Dexterous Dastan leads his two brothers,Garsiv (Toby Kebbell) and Tus (Richard Coyle), as they invade the holy city of Alamut when rumors circulate that their kingdom are supplying weapons to Persian rivals. Once scaling walls and stuntmen are dispensed, Dastan finds zero weapons for mass destructors. He does find the ravishing Princess Tamina (Gemma Arterton) though and a dagger full of time-shifting sand that she has sworn to protect. We’ve seen royalty like Tamina countless times before. She’s sassy, somewhat spoiled and although she knows how to defend herself, she of course, winds up needing Dashing Dastan. It’s too bad Arterton’s voice winds up being the most overpoweringly annoying aspect of her performance. It’s literally grating but I’m likely the only one to notice it.  
Prince of Persia The Sands of Time movie image by @mycine. //  
The typical convention of two attractive main characters thrust together, bickering their way throughout the story is woefully overdone. It doesn’t help here that Gyllenhaal and Arterton are devoid of chemistry. Also, there’s really not much to these characters to hold our interest. This is disappointing since it’s one of the elements that make the film forgettable. Still, it was at least more fun and entertaining than “Clash of the Titans” (also starring Arterton) from last month yet lacked the needed light charm of “The Mummy” movies.
Soon, the four screenwriters responsible for this rote script deliver very familiar plot devices with stock characters to propel this sandy yarn. Dastan is accused of murdering his father. His brothers are up in arms. He must clear his name while on the run. Who can he turn to? How about ostrich-racing con-man, Shiek Amar (a game Alfred Molina), who lives off the grid, supporting small businesses and passionately speaks out against taxes. Molina is fun and amusing here but after a while he comes across a bit too buffoonish. His character would’ve had more impact if he had some dramatic moments that weighted down the steaks which he was fighting for. Instead, he just felt like reliable comic relief, repeatedly assisting Dastan just in time.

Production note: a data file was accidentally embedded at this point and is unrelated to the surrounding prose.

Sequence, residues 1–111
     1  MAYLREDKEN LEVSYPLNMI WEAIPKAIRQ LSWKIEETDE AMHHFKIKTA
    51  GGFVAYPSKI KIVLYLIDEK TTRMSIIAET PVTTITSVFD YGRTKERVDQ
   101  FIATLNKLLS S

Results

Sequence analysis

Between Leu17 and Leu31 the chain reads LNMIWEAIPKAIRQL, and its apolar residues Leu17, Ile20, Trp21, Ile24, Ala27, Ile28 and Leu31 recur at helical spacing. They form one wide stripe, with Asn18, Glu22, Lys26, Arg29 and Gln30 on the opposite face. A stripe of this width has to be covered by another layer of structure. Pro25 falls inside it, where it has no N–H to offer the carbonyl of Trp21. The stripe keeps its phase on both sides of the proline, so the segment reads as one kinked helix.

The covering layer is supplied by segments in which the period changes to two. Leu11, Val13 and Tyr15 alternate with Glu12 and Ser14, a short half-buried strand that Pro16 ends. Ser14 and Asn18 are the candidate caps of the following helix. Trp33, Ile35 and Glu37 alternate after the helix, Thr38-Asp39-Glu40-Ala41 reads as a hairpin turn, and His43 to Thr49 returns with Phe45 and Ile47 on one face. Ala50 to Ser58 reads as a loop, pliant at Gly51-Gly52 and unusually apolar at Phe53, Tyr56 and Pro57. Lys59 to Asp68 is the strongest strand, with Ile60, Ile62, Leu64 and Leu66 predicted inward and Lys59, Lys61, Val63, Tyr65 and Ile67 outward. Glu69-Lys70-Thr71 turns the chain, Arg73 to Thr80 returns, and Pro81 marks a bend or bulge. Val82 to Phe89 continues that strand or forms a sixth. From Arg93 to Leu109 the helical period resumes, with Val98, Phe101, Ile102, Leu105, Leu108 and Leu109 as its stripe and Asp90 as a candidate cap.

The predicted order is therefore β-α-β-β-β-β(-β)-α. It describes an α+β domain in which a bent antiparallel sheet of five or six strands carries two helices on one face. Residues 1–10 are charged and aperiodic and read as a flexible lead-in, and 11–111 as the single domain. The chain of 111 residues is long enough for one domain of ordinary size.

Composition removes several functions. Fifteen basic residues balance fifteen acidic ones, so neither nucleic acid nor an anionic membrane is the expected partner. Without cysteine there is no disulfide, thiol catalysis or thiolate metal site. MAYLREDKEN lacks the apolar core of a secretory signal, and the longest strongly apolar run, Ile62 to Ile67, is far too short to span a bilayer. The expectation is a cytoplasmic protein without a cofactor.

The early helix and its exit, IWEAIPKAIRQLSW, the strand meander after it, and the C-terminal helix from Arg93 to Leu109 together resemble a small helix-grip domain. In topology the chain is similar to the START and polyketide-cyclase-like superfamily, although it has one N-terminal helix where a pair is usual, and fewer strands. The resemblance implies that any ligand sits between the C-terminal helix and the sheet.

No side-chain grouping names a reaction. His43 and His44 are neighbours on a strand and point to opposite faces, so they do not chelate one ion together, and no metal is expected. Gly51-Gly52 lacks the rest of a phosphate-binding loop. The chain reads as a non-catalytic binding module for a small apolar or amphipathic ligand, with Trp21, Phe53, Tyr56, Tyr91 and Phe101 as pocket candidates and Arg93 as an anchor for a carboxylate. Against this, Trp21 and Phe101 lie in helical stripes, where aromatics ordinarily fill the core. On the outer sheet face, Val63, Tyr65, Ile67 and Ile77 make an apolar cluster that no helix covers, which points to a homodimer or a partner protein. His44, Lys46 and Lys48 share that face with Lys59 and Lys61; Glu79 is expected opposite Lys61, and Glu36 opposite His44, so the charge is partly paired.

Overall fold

The real drama involves this Dagger of Time getting into the wrong hands. It’s a weapon that showcases some confusingly cool effects. You get the feeling that actually using the weapon in the video game is much cooler. Dastan and Tamina must protect it from getting into the hands of power-hungry, Nizam. That’s right, it’s pretty clear when we see Kingsley frown in almost every shot in his eyeliner that he is “the bad guy”. It’s too bad he doesn’t employ any nuances to inject something other than a Ming the Merciless riff. We know that Kingsley is a completely capable actor often holding a film together but he also has a history of earning a paycheck too. He presumably knows what kind of movie he’s in here and seems resolved to deliver an apathetic performance.


Director Mike Newell didn’t do any better with “Harry Potter and the Goblet of Fire”, the weakest chapter in that series. So, it comes as no surprise that this film is found wanting.  Somehow he can construct fantastic action scenes that seem  He’s not alone though, the four screenwriters involved (one of whom actually created the classic video game) seem to miss out on inserting any connective flow. As one action scene ends, it seems like a game level was accomplished which was then followed by the obligatory screen load that exist only in video games. They must have  forgotten this is not a video game and instead we’re given inconsistent tones rife with exposition dialogue and (since that dagger can alter time) meaningless heroics.